I totally agree with you re physio time   Chelsea and Westminster has a 'brilliant' new idea; physio sets you an exercise, then shoots off elsewhere to attend to another patient - sets them a task and shoots back to you.  One day they are going to collide with a bed and break a leg with these mad dashes!  But when will NHS realise doing the job properly at first saves time in the long run?
  • debbiedo49
    debbiedo49 Member Posts: 2,904 Disability Gamechanger
    I would love to try hydrotherapy and I did ask about it but the physio just looked at me like I was insane. 
  • yme
    yme Member Posts: 4 Listener
    I was referred to hydrotherapy sessions by GP via my pain management consultant. Could not believe the response...

    Sorry but the patient would need one to one support which we cannot do. Plus the patient cannot access the pool as cannot climb steps and this is the only way to access the pool!

    Talk about discrimination....

  • veriterc
    veriterc Member Posts: 221 Pioneering
    Incidentally, I have just Googled Hydrotherapy, and up came a huge list of pools locally. Then I looked closer and these are all for treating animals.  It's a sad fact that animals can often get better treatment than the NHS provides for humans!
  • newborn
    newborn Member Posts: 746 Pioneering
    Virtually every special needs school has one.    Luckily, it's fine to leave this health resource unused for most hours of the day, all weekends, and all days of the year when schools are on holiday.  (Children only need exercise in certain sessions in school hours, don't they?.....don't they?)     

     Plus, they all, without exception, suddenly get miracle cures, or else all emigrate, the day they reach school leaving age, so there is no point allowing any exercise provision at all for anyone who is physically  incapable of 'taking a brisk daily walk'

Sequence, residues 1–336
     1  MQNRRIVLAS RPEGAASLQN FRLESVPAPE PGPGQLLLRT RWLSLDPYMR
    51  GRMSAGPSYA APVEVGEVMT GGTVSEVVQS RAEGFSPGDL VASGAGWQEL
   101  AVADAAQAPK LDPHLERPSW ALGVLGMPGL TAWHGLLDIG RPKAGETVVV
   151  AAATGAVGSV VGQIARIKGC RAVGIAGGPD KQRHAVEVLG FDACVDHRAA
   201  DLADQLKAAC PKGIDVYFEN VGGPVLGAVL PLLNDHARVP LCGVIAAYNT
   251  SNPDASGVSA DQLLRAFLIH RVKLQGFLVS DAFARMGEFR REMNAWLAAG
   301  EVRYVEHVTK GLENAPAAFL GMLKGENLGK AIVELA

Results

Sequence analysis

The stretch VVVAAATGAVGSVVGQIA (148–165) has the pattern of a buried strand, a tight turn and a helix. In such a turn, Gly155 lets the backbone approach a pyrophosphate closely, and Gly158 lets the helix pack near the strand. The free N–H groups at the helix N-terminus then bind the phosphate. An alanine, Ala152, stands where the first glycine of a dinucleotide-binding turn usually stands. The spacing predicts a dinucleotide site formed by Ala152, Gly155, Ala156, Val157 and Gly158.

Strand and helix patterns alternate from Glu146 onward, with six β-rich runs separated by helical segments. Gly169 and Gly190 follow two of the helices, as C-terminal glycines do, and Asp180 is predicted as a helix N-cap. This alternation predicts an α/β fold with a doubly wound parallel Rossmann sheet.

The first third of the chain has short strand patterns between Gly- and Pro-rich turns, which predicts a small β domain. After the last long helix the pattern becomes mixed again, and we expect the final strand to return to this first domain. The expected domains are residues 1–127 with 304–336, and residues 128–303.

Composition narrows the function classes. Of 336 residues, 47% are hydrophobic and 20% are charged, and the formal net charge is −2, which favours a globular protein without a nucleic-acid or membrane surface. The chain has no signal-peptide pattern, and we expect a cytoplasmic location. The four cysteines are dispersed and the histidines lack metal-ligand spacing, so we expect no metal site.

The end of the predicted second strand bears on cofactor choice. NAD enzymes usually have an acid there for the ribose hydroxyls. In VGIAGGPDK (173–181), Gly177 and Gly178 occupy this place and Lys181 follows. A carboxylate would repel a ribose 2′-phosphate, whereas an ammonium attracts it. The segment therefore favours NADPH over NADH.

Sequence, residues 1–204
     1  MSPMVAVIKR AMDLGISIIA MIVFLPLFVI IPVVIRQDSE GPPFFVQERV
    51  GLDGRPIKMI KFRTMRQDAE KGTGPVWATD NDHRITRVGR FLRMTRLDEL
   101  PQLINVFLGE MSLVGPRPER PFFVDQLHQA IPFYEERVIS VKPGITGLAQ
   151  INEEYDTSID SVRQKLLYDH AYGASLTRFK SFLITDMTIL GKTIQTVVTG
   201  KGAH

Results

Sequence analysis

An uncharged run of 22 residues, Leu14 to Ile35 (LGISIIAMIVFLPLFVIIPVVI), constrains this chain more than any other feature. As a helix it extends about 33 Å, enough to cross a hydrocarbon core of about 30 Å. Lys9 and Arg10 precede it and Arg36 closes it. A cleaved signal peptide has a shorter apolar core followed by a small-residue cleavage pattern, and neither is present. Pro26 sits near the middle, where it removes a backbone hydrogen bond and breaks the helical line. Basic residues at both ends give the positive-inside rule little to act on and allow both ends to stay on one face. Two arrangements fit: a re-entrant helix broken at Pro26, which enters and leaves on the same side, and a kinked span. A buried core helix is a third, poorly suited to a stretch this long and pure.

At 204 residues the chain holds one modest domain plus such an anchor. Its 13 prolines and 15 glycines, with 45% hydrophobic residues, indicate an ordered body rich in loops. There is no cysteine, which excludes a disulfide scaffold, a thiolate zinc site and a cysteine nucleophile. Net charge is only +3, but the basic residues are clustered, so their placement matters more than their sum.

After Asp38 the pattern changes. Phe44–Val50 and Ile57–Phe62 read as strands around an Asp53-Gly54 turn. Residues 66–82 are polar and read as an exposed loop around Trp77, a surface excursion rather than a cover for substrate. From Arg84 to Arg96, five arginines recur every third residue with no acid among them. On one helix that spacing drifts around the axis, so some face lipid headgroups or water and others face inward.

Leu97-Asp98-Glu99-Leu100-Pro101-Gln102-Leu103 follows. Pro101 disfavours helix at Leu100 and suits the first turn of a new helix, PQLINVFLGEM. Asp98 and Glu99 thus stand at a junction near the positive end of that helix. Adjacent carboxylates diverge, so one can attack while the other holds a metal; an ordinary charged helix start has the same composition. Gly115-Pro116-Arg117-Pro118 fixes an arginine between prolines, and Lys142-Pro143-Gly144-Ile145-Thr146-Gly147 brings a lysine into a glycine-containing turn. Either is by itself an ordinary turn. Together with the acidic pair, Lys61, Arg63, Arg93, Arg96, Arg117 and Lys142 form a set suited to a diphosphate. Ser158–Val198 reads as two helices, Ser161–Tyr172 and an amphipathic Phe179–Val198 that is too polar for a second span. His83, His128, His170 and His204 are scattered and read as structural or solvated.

Often, leisure complexes have warmer water for children's pools and for the spa pools.   But there is never any provision for people who are physically incapable of swimming at a cool temperature.   Because no such people exist, do they? they?  

    Of course, daily exercise is vital for the entire population........except  us 'crips' aged over school leaving age.    There are underwater balance balls and treadmills, pools with handrails at different depths, ìndividual glass boxes so people can do seated or standing exercise in pain relieving hot water, while their physios can watch and supervise.    But mostly in u.s.a.   Or, in u.k. for dogs or horses, because  there's no such thing as statutory duty, nor the equality act, is there? there?
  • veriterc
    veriterc Member Posts: 221 Pioneering
    I so agree - if you can think of anyone/organisation to lobby for better access, let us know and I will be there.
  • newborn
    newborn Member Posts: 746 Pioneering
    Scope is being asked to provide the token 'consultation', it seems, for a government compliance tick box.  There is an officially started thread titled 'have you ever felt excluded'.?

    Even the most recalcitrant civil servant/political adviser can grasp the direct obvious discrimination in physical exclusion, so you might think, foolishly, that all the multitude of disability funding streams might unite to plead, humbly, that buildings are accessible, particularly newbuild.   And, of course that disabled humans in u.k. might expect equality with dogs.